The alveolar pressure of a hiccup may be of up to 200 cm2 H2O. The air is released in an explosive manner and expelled through the upper and oral airways at a speed of 120 to 160 km. Its pressure is higher than the respiratory tract whose alveolar pressures may reach up to 150 cm³ H2O in maximum inspiratory efforts (3).

The physiopathology and central connections of this reflex act are not well defined. We consider the reflex-arc may be connected to the phrenic nerve in a sympathetic chain and to the vacant nerve and its branches. Hypothetically, the afferent branch of the reflex-arc has a continuation in respiratory centers in the brain, ascending activating reticular formation and hypothalamus, which act as central mediators and finally the glottis nerves and intercostal muscles as afferent branch (7).

The rhombencephallon also takes part in the event because it is part of the parasympathetic bulbar system and relates the efferent fibers composed by the phrenic, vacant, laryngeal, recurrent and intercostal nerves between the thoracic vertebrae 1 and 11 (7).

The nervous branches of the cervical vertebrae from 5 to 7 and the hemidiaphragms, trapezoids and glottis are the producers of the reflex, connected to the glossopharyngeal nerve (7).

The vacant and phrenic nerves are members of the hiccup reflex and the thoracic sympathetic fibers of 6 to 12 associate the hiccup to a variety of intra-abdominal and intrathoracic disorders (8).

Stomatognatic aspects

The diaphragm is the hiccup generator and is formed by a muscle and tendons that separate the abdominal and thoracic cavity.

It is a cupola-shaped muscle higher at the right than the left side and is located between the thorax (lungs, heart, small structures inside the mediastinum) and the abdomen (digestive system, glands and other organs). Its function is to contract and move the central tendon of diaphragm downwards and forwards, and increases the vertical dimension of the thorax cavity and, by the pleural connection, the lungs are stretched and produce negative alveolar pressure (5).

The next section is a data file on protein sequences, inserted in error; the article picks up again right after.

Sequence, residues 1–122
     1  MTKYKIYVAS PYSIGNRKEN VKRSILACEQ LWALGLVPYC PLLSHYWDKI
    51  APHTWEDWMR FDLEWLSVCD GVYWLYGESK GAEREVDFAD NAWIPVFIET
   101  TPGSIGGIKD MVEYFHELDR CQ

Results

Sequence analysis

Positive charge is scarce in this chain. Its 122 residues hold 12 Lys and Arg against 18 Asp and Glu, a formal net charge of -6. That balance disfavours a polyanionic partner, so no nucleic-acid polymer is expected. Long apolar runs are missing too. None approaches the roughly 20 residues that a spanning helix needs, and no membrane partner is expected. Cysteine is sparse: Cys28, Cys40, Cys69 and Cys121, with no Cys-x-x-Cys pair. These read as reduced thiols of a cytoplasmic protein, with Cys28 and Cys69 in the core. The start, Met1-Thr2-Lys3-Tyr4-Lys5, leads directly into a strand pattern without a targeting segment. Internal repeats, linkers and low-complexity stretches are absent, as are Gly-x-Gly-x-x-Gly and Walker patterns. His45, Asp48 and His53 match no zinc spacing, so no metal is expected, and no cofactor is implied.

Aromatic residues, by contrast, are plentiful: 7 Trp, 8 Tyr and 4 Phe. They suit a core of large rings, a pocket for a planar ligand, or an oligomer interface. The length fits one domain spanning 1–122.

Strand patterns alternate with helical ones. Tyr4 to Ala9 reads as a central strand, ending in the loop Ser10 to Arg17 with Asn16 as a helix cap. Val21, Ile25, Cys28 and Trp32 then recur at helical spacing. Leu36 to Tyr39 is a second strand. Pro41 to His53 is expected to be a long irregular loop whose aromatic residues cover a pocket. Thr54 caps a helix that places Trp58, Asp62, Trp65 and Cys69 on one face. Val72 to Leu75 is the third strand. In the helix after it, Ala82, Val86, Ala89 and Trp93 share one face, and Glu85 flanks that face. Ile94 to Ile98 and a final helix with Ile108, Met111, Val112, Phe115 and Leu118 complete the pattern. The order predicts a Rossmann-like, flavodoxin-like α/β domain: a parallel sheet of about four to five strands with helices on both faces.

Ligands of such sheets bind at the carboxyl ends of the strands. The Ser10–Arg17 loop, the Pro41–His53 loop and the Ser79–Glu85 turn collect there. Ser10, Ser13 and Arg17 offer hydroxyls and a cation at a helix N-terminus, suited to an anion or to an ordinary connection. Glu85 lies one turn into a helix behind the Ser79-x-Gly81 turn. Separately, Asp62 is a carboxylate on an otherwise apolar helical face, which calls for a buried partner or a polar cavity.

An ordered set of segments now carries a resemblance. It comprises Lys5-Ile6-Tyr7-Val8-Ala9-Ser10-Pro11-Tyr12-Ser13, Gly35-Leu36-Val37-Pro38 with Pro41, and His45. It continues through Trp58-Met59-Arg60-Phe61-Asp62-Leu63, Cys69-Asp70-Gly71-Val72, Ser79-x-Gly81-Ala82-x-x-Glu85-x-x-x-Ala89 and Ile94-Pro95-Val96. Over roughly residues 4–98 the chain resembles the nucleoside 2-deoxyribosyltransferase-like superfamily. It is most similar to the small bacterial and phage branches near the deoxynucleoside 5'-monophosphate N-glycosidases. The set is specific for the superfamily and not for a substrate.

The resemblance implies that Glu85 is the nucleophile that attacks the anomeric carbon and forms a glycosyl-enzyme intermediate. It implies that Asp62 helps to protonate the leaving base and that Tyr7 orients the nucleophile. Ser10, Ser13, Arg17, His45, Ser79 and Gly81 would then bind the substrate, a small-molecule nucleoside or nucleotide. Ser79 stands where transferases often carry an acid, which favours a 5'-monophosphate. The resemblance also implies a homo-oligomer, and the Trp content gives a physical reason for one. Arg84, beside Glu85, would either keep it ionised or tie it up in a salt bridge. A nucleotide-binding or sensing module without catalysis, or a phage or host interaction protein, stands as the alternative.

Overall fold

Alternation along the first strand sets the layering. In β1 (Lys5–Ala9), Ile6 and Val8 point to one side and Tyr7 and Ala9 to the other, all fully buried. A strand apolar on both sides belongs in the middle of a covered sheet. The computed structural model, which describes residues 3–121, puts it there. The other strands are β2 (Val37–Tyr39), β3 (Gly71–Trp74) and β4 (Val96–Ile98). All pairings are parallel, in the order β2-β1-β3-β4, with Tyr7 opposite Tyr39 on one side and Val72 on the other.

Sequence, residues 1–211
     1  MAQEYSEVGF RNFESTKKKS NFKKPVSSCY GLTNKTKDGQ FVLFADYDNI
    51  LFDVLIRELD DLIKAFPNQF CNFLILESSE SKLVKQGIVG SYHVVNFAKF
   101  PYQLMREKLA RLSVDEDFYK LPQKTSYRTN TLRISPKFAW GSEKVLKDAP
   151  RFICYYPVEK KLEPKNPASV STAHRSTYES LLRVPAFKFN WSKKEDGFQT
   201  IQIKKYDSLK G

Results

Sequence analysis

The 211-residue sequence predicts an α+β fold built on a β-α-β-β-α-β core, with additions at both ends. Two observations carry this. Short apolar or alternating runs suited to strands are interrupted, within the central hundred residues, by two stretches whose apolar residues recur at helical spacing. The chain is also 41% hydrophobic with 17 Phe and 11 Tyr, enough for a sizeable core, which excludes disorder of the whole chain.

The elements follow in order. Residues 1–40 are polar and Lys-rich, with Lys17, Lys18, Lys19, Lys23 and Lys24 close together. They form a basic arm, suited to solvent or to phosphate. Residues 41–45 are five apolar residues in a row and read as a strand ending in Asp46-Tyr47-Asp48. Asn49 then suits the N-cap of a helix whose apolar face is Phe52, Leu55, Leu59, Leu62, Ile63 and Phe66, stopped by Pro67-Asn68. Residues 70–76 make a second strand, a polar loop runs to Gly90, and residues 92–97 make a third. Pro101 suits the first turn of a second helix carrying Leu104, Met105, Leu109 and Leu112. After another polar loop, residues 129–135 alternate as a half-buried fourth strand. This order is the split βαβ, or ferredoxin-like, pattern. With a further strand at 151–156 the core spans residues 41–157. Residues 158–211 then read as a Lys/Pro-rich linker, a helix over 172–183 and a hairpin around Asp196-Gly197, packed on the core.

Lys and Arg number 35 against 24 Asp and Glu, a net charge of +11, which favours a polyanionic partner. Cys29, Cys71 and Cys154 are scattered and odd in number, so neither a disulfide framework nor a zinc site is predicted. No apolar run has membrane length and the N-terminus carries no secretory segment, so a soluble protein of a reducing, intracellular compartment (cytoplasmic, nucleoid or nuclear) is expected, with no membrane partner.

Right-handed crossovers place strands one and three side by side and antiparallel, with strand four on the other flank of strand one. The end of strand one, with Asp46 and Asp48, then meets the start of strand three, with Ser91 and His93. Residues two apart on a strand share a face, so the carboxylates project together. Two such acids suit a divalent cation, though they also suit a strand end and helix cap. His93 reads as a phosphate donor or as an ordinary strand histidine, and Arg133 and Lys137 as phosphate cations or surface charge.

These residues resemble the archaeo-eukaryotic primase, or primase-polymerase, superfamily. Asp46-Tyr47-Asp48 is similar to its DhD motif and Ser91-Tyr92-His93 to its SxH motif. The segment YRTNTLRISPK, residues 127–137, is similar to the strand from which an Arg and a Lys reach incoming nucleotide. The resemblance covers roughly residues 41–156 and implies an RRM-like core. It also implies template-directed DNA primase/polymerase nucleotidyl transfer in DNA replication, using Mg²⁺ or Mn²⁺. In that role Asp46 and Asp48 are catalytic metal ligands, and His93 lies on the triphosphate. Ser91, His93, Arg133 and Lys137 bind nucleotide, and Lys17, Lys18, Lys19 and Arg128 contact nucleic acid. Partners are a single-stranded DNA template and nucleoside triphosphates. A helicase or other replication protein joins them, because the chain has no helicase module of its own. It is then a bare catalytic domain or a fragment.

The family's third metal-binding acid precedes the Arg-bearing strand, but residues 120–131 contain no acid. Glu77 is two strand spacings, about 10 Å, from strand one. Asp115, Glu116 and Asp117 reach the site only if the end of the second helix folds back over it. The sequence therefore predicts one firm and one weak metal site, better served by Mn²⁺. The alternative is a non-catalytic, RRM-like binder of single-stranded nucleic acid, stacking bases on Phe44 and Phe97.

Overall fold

When the lungs contract and go down, they compress the abdominal viscera, by displacing them downwards and forwards against the abdominal wall. Such movements generate the breathing function and are controlled by the right and left phrenic nerves that cross the diaphragm up to the point of the abdominal surface and are composed by three branches: lateral, anterior and posterior (5).

The breathing system is characterized by mechanical events that produce the air exchange during breathing through the inspiration and expiration movements.

Inspiration occurs by the contraction of the diaphragm, intercostal and scalene muscles, while the lungs increase in size and squeeze the abdominal viscera by the diaphragm whose intra-abdominal pressure is elevated (3).

When the intra-alveolar pressure is equal to the atmospheric pressure, the inspiration muscles gradually stop compressing. The expanded thorax produces a positive intra-alveolar pressure and the air is expired. Therefore, the expiration phase occurs without active muscular contraction, that is, in inspiration there is an active muscular contraction and in expiration the force is passive (3).

The digestive system is characterized by the function of pressing, chewing, chemical transformation, deglutition, food absorption and the expelling of body useless waste. This is comprised by alimentary canal, composed by the organs: oral cavity, fauces, pharynx, esophagus, stomach, intestines, rectus and anus. Salivary glands, liver and pancreas are organs connected to the digestive system (9).

The deglutition is the process of transport of the food from the oral cavity to the stomach, and is carried out by a complex process that depends on the neuromuscular system. It occurs in a sequential manner, including several structures that are also part of breathing, such as nasal cavity, oral cavity, pharynx, larynx and esophagus (10-11).

In the pressure transfer of the food from the oral cavity to the pharynx, there is a deglutition apnea and the closure of the glottic rhyme, with the consequent opening of the upper esophageal extremity (upper esophageal sphincter) and the passage of the bolus to the inner part of this organ due to the opening of the cricopharyngeal muscle. In view of the excitation of the mucosa and the plexus of the esophagus walls there occur sequential primary and secondary peristaltic contractions that allow the arrival of the bolus to the stomach (11).